“Thinking is my fighting,” Virginia Woolf said, and this might be Sentilles’s motto. Her profound and unsettling meditation on war and violence proposes many ways—writing, painting, making music, taking photos—to counter, if not undo, war’s devastation. Writing in the line of John Berger and Susan Sontag, Sentilles starts with the moral implications of looking at images of pain. She considers ethical problems of aestheticizing suffering and asks what good can be done for the victims by the viewer’s sympathy and unease. Yet without seeing exactly what war does, how will people learn to reject it as a solution? Writing in brief chunks, personal as journal entries, Sentilles tells multiple stories simultaneously. These concern a student in her art theory class who had served as a guard at Abu Ghraib; her grandfather, who was traumatized by his service in World War II; and Howard, a CO who was imprisoned for his refusal to serve. These profiles lead to discussions of Japanese American internment camps, lynchings, PTSD (and its foreshadow, the fear-driven anticipatory TSD), the inheritance of trauma by later generations, the use and sacrifice of animals in war, and artists’ appropriation of war images for art. While Sentilles, a former divinity student, closes with a prayer that the world be made anew, she knows the task will be long and difficult.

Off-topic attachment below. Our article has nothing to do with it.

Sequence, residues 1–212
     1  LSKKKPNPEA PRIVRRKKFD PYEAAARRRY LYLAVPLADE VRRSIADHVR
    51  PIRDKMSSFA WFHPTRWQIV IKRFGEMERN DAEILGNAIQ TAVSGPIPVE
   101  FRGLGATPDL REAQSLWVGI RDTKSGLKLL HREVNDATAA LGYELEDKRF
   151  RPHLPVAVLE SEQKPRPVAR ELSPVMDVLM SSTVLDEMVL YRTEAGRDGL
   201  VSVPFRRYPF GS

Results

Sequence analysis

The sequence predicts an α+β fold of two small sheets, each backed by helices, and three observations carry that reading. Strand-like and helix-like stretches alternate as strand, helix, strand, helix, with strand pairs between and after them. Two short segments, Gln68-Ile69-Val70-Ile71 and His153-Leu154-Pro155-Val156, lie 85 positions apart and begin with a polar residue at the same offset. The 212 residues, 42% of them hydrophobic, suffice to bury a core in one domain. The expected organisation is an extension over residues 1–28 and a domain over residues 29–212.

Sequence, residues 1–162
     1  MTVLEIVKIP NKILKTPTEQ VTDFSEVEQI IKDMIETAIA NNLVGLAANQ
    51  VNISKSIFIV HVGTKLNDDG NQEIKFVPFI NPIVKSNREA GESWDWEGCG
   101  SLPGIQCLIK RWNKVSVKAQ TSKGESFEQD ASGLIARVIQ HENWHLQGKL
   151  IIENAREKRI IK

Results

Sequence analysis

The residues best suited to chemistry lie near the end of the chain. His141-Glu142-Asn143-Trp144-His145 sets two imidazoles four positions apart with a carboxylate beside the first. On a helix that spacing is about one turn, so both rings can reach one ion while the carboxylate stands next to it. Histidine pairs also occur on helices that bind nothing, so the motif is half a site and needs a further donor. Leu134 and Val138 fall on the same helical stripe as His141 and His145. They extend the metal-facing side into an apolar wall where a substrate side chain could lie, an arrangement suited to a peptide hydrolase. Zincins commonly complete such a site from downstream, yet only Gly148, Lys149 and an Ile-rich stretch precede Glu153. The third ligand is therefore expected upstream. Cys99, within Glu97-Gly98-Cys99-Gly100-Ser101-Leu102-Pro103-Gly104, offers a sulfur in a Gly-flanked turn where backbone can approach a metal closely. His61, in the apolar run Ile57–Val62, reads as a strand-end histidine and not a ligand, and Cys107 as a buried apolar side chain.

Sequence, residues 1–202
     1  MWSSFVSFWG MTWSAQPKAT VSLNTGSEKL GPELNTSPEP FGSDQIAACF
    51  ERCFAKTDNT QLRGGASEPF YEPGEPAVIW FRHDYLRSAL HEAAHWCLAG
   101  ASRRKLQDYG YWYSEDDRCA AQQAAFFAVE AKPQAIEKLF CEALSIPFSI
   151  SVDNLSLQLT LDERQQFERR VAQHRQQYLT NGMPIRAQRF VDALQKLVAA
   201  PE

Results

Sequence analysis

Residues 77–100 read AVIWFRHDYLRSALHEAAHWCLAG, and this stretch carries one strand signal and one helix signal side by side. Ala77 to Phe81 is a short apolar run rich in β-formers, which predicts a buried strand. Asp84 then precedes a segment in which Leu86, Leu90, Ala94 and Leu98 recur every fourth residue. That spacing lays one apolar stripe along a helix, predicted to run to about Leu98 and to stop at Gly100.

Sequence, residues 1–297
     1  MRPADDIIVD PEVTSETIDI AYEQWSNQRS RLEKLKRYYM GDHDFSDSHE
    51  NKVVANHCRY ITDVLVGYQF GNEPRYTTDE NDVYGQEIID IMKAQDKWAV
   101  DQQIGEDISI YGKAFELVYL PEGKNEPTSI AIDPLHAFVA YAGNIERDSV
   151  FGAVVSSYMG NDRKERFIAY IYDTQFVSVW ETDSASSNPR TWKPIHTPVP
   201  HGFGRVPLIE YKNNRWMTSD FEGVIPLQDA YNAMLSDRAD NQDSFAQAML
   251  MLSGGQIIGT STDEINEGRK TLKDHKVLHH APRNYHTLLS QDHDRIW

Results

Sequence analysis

Pettibon first rose to prominence designing the logos and album art for seminal ‘80s punk bands like Black Flag while self-distributing a groundbreaking series of graphic zines. The works in this monograph, spanning nearly 4 decades and a variety of mediums, speak to Pettibon’s genius in melding high and low culture into artworks that often include textual components, with quotes from philosophers, novelists, and politicians interspersed among his images. Pettibon’s treatment of subjects like baseball, surfing, George W. Bush, and the Vietnam War make him one of the finest contemporary visual artists illuminating the colorful, wacky, and destructive underpinnings of American culture.
Mike Lankford’s Becoming Leonardo might seem like a pure flight of fancy, but it does rest on the foundation of prior research and makes a serious attempt to dig through the layers of mythmaking that surround Leonardo da Vinci. It is indeed not a conventional biography, but Lankford’s wry humor, his sharp conclusions, and his pure brilliance when it comes to getting inside people’s minds will convince you that perhaps Leonardo himself would have enjoyed this one.
Availability: Special Order—Subject to Availability
Published: Melville House - March 28th, 2017